EFF in the News
“We don’t want to see the Internet become balkanized,” said Maira Sutton, a global policy analyst at the Electronic Frontier Foundation, a digital rights advocate.
“But having these discussions decided in a trade agreement is exactly the wrong place to do it. There’s been no security researchers at the table, no public interest groups that have been following this for a long time," she added.
“Trade agreements are not the place to decide digital policy."
"Apple has almost an obsessive secrecy culture. They don't have a public policy blog. They have a much smaller presence in Washington than any other tech company their size. The culture of secrecy at Apple doesn't tend to these sorts of public reports," Nate Cardozo, staff attorney with the Electronic Frontier Foundation, told MacNewsWorld.
"I think this shows that transparency reports are now industry standard," he added. "If you want to be taken seriously as a tech company that respects its users, you do need a transparency report."
TPP CONCERNS FOR SECURITY RESEARCHERS — The Trans-Pacific Partnership agreement could put security researchers at risk of arrest by law enforcement or other criminal punishments because of language that defines what a “trade secret” is, the Electronic Frontier Foundation says. The treaty’s language — released officially Thursday — includes a section on trade secrets requiring participating nations to outline criminal penalties for anyone who commits “unauthorized and willful access to a trade secret held in a computer system.” The problem is that “trade secrets” is defined too broadly, EFF’s Jeremy Malcom told MC. The TPP “doesn’t require that it’s valuable, copyrightable, or patentable, anything like that,” he said. Rather, a “trade secret” just has to be a secret. That could lead foreign firms to slap trade secret qualifiers on anything that security researchers might nose through to find vulnerabilities in a bid to limit access, he said.
“With a probable cause search warrant it would be great if they could have access to a child molester’s text messages,” says Nate Cardozo, an attorney with the Electronic Frontier Foundation that advocates for secure privacy.
“The problem is … you can’t make a back door in a house that only law enforcement can enter. It’s just not possible.”
Electronic Frontier Foundation policy analyst Jeremy Malcolm agrees that this is a positive highlight in the TPP text, but argues that the net neutrality protections it offers are pretty weak. “It doesn’t cover blocking or filtering or anything else that we consider a part of net neutrality,” he says.
More broadly, he points to the myriad other ways the agreement disappoints the EFF and other digital rights groups. The data privacy section of the e-commerce chapter doesn’t go far enough to protect users, he says, and he worries that even the anti-spam section, which the group also supports, is too vague. And, of course, the intellectual property laws are largely what the the organization has long expected and critiqued.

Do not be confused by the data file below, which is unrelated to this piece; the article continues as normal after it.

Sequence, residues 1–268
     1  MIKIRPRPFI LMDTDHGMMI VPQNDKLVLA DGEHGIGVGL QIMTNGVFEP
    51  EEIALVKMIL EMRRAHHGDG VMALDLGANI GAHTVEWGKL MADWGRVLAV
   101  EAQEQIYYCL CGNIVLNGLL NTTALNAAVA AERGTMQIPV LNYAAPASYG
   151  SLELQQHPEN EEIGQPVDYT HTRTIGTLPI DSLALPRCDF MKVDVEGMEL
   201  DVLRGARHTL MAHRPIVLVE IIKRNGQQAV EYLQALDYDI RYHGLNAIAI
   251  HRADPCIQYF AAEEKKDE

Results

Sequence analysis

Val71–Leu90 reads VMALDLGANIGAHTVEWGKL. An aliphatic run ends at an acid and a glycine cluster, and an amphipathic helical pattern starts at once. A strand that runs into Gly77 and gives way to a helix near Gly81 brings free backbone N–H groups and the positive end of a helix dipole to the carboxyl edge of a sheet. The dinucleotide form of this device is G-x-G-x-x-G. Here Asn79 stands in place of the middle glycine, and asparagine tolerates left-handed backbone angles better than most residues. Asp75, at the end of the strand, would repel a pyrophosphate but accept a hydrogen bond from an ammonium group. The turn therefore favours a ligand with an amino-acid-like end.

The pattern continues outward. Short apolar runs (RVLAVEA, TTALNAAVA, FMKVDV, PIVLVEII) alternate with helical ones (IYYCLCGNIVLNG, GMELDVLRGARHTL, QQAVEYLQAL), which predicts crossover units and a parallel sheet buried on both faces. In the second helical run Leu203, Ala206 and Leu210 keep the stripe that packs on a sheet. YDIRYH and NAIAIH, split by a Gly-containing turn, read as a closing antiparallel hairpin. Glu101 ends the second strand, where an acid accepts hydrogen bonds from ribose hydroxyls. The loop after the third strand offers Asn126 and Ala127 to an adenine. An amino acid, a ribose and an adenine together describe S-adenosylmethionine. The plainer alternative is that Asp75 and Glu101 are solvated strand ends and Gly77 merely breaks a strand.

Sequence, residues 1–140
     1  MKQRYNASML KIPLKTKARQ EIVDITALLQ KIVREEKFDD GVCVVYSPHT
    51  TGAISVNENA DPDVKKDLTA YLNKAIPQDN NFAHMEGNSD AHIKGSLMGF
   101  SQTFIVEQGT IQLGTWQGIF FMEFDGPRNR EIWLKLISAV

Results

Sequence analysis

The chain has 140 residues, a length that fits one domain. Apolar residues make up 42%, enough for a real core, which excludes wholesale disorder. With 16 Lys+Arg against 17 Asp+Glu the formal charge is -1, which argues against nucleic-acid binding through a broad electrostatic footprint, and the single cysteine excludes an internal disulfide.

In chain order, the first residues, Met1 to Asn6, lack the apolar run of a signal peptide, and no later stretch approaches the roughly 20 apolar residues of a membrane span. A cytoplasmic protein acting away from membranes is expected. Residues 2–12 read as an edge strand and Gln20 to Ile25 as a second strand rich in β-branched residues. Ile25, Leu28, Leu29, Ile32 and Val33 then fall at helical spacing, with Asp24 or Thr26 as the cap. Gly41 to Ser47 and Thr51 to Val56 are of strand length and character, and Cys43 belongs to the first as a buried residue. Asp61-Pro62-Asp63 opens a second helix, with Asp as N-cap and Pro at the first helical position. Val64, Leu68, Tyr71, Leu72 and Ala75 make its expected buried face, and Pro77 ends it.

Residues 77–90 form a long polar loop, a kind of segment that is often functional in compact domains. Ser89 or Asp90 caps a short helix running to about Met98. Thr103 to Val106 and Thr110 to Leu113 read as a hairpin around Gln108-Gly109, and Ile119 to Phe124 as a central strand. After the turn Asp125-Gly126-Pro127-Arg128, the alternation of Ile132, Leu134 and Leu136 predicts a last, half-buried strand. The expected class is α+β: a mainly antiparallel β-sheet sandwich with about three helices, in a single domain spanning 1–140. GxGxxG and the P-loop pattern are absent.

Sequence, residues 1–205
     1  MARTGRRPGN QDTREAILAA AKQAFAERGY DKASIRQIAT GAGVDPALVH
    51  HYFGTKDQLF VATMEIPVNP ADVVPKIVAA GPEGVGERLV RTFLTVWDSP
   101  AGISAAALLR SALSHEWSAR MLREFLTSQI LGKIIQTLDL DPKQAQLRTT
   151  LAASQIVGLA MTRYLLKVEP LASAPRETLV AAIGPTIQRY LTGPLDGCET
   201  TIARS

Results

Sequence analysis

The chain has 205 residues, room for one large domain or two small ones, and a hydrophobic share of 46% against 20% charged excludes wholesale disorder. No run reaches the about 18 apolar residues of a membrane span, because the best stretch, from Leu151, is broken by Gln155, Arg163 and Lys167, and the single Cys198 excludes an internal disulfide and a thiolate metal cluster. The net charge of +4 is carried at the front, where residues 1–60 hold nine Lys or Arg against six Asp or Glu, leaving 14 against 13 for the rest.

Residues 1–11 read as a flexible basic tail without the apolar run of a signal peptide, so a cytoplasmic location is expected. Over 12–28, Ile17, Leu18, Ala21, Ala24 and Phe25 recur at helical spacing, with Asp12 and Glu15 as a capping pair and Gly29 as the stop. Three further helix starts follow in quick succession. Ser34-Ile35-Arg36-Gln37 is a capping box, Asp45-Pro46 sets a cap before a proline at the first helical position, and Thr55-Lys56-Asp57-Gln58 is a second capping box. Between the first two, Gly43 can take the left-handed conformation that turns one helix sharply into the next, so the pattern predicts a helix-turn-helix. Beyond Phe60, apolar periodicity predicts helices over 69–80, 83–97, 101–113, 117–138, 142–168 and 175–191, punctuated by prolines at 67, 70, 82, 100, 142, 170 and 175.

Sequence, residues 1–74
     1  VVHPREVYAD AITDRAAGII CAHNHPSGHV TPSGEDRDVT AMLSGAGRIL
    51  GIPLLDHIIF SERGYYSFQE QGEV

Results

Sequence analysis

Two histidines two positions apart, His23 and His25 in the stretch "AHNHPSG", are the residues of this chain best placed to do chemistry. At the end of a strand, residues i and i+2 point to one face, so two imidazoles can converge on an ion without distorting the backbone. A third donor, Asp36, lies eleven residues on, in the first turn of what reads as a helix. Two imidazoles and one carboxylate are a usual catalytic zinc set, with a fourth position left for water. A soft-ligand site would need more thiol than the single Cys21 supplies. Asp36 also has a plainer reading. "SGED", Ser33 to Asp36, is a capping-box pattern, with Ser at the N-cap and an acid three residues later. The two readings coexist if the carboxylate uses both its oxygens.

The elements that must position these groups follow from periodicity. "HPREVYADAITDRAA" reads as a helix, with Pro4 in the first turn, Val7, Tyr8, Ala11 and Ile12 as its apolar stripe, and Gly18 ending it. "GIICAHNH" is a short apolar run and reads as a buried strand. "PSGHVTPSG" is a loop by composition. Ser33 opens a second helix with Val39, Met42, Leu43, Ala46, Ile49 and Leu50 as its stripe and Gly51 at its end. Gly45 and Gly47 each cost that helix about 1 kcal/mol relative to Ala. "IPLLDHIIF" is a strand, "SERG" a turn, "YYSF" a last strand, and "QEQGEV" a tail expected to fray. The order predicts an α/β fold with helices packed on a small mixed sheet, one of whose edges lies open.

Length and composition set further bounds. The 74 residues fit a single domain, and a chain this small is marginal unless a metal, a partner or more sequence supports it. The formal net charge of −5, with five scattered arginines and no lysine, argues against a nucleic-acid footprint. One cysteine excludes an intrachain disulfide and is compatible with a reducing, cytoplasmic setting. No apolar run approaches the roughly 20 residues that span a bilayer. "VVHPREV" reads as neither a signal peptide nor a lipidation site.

According to Nadia Kayyali of the Electronic Frontier Foundation, this kind of chokehold coming from private companies and organizations, rather than from law enforcement or the courts, is a plain censorship issue—one that compares to the way credit card companies were pressured to block donations to WikiLeaks in 2010.
"What Visa and MasterCard have done with Backpage and in countless other instances, is a censorship that is sort of quasi-governmental, and that's what I would call this," said Kayyali told the Daily Dot. "I also think the important point about financial censorship, which sort of bleeds over into our work with sex workers, is that they're using this threat of one type of user [traffickers] and using it as a blanket cover for shutting down something they just don’t like."
But Nadia Kayyali, an activist at the Electronic Frontier Foundation, said that number doesn't tell the whole story.
"Facebook isn't counting all the people negatively affected by the policy," she said. The Electronic Frontier Foundation was among groups that asked Facebook to change its policy and enforcement because some groups it works with have been cut off from their communities. "People are unsafe," she said.
Technology companies could be compelled to assist in that process. Even if they cannot be ordered to provide an update that would compromise equipment, said Kurt Opsahl, deputy executive director of the Electronic Frontier Foundation, they might be told not to issue an update that patches a security flaw being exploited by the government.
Digital right to repair advocates seek to similarly protect “your right to repair and tinker with your devices, whether it be a phone, a car, or any other device that has embedded software,” explains Corynne McSherry, legal director at the Electronic Frontier Foundation in San Francisco.
Unfortunately, she notes, manufacturers frequently try to use their copyright in the software to impose restrictions on consumers, either through license agreements or through the use of technical restrictions that, if circumvented, could subject the consumer to legal liability under the Digital Millennium Copyright Act (DMCA), the bête noire of the digital rights people.
Others looked more to innovations that eroded human health. Individuals voted to scrap cigarettes and heroin. Jillian York, of the Electronic Frontier Foundation, wants to annul “genetic testing for the masses.”